“This energy security and price crisis is another prompt to do this.”
Maybe we need to be taking drastic action to reduce our energy bills/carbon footprint – but in the meantime, we can take a few practical steps, as outlined by the Guardian recently:
There is a need to address energy demand now, according to Prof Nick Eyre, director of the Centre for Research into Energy Demand Solutions at Oxford University, both as a result of the Ukraine crisis and to tackle climate change. Reducing demand and decarbonising our energy systems is something we should be doing anyway for climate reasons, said Eyre, in order to meet our targets for net zero. “This energy security and price crisis is another prompt to do this,” he said. “It will be expensive – but a windfall tax on companies who, at best, have had a pretty dubious relationship with Russia, would help pay for it.”
Molly Scott Cato, former Green MEP and professor of economics at the University of Roehampton, says the UK government should launch a massive, nationwide, and publicly funded home insulation programme backed up by information campaigns about how to use energy efficiently, including reducing the thermostat settings on central heating systems and introducing a 55mph speed limit on the national road network to cut energy demand.
Behavioural changes that could make a difference
- Turn down the thermostat on your boiler by 1C. If everyone in the UK did this, it would reduce their energy demand by 10%. Energy bills would be cut by £670m, while saving 3.5m tonnes of CO2 a year, according to the Energy Savings Trust.
- Set your heating to come on only when required. This is estimated to help reduce a household’s electricity use by 2.8% and gas use by 2% (Energy Savings Trust).
- Set thermostats no higher than 19C and the water temperature in heating systems no higher than 55C, says the Committee on Climate Change.
- Keep your shower time to four minutes. This could save a typical household 950kWh of energy and 195kg of carbon emissions a year; equivalent to driving 700 miles from Birmingham to Aberdeen and back again (Energy Savings Trust).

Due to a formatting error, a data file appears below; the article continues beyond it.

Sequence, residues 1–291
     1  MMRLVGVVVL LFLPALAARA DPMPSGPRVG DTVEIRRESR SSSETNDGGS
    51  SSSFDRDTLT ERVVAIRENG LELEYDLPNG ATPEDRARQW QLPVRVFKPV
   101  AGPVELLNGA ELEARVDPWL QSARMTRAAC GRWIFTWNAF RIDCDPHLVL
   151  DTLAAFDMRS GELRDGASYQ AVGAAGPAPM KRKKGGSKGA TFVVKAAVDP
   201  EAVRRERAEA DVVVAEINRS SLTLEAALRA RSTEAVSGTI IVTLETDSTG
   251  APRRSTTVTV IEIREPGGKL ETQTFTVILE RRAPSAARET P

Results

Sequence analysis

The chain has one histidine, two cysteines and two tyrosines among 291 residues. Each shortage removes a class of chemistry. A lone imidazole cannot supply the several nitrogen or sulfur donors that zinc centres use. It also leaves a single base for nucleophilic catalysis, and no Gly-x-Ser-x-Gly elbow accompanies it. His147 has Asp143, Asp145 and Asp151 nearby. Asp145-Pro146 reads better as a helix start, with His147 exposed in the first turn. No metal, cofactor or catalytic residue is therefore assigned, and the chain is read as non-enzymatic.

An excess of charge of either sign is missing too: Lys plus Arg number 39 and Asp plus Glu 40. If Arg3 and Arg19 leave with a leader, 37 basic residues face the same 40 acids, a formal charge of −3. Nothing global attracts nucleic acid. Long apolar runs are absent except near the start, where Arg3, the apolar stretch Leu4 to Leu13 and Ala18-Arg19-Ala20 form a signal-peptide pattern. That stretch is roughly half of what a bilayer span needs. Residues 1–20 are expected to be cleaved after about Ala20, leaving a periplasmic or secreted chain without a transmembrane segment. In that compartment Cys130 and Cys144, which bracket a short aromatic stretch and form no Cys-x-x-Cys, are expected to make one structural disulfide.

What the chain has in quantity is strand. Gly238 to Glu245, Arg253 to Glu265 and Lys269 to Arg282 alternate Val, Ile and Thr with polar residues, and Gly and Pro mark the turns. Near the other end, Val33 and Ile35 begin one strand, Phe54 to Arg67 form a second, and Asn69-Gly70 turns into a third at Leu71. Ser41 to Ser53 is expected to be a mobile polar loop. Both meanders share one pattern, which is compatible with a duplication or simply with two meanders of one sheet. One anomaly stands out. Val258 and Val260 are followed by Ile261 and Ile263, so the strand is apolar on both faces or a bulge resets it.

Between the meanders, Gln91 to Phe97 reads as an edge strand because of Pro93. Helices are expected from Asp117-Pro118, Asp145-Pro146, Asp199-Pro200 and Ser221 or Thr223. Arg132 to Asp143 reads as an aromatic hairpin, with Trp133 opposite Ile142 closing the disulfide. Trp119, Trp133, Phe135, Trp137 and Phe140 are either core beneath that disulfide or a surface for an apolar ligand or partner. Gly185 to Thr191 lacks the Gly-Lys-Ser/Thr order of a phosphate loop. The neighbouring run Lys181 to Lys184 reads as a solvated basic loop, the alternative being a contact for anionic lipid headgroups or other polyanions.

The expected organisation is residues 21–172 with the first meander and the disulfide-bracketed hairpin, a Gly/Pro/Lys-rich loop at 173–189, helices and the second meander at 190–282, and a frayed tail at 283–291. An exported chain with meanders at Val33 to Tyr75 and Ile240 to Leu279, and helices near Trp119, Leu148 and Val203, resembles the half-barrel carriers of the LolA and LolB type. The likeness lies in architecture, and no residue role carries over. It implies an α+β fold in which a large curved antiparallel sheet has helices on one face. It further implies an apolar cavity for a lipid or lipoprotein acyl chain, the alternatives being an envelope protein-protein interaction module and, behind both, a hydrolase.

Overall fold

- Turning lights off when leaving a room will save you around 70kWh of energy and 17kg of carbon annually – the equivalent to driving 61 miles from London to Canterbury (Energy Savings Trust).
- Insulate your home. A fully insulated home is 50% more energy efficient than a property that has no insulation, according to Eyre.
- Cut domestic energy demand by introducing a four-day week and encouraging more working from home, says the Centre for Research into Energy Demand Solutions.
- Speed up the replacement of gas boilers with heat pumps. After the failure of the Green Homes Grant, the government will launch its replacement on 1 April 2022. The boiler upgrade scheme will offer a £5,000 grant to replace gas boilers with air-sourced heat pumps. Switching from a typical gas heating system to an air-source heat pump could save about 9,200 kWh a year (Energy Savings Trust).
- Increase the use of renewables, which are now the cheapest form of energy production on the market. 649 solar and windfarms already have planning permission; if they went ahead they would save more gas than currently imported by the UK from Russia, according to Carbon Brief.
- Replace fossil-fuelled cars with electric ones. A fully electric vehicle could save 2 tonnes of CO2 a year and help end dependence on fossil fuel (CCC).
A Welsh pensioner has taken drastic action:
A woman from North Wales has resorted to lighting her home with battery-operated fairy lights to save money on bills amid the energy crisis. The Anglesey pensioner, who didn’t wish to be named, said the money-saving hack has made a huge difference to her electricity bills…
And there are lots of other lists online, such as this from today’s Sunday Mirror:
Including on these earlier posts:
Finally, carbon footprint calculators come with lots of tips on how to reduce it: